I have a pair of speakers here. They’re Wilson Audio Sasha DAWs. They’re £45,000. So, they’re not cheap. But someone comes and listens to the speakers. By the way, I love listening to music. I absolutely love it. But sitting there on my own, it’s a great experience. But sitting with someone else there, and having them listen to the play of their favourite song, and see them come alive, and hear sounds they’ve never heard before, that’s a very spiritual act.

I brought one of my friends over a few weeks, and he played vinyl. He got really emotional. He almost cried, because he connected with the music on a very spiritual level. Of course, he felt the emotion of the artist that was expressing through the vinyl, the warm vinyl.

If you embrace the material and spiritual as one, then the spirit comes through the material. So, I guess, that’s my way of saying, is, it’s okay to have some nice things, without being greedy. It’s okay to want to be rich and wealthy so that you can travel and live in luxury.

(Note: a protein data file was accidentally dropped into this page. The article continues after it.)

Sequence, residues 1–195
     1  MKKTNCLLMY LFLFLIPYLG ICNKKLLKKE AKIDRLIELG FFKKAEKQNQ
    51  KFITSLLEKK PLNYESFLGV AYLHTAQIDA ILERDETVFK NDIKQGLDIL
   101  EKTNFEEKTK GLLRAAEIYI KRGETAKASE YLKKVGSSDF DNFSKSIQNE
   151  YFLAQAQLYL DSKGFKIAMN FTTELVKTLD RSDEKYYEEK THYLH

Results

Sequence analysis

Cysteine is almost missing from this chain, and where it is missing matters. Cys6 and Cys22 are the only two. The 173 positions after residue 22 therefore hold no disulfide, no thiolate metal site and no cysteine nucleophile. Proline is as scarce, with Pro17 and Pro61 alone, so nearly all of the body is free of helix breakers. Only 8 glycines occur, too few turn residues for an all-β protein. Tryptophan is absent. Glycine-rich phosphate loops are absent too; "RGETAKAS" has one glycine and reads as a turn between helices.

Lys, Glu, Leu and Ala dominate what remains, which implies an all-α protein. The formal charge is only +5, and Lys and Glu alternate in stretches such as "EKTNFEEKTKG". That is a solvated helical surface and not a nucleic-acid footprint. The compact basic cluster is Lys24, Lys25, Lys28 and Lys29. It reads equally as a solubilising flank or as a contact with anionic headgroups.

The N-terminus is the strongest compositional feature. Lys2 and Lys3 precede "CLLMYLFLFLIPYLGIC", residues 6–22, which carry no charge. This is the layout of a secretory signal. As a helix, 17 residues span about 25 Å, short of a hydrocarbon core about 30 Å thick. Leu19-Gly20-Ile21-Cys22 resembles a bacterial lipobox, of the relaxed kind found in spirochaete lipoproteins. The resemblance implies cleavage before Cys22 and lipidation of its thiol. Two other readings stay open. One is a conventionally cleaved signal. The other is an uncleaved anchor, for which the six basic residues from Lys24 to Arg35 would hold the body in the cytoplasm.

The three commonalities of the richest people in history, one of them, is, their belief that they deserve opulence. Having opulence in your life or people who believe that those who have opulence in their life is to the detriment of others, that is a very scarce mindset. Someone who lives an opulence lifestyle is not opulent having taken away from 1,000 or a million people in the developing world, in the Third World. It’s not binary like that.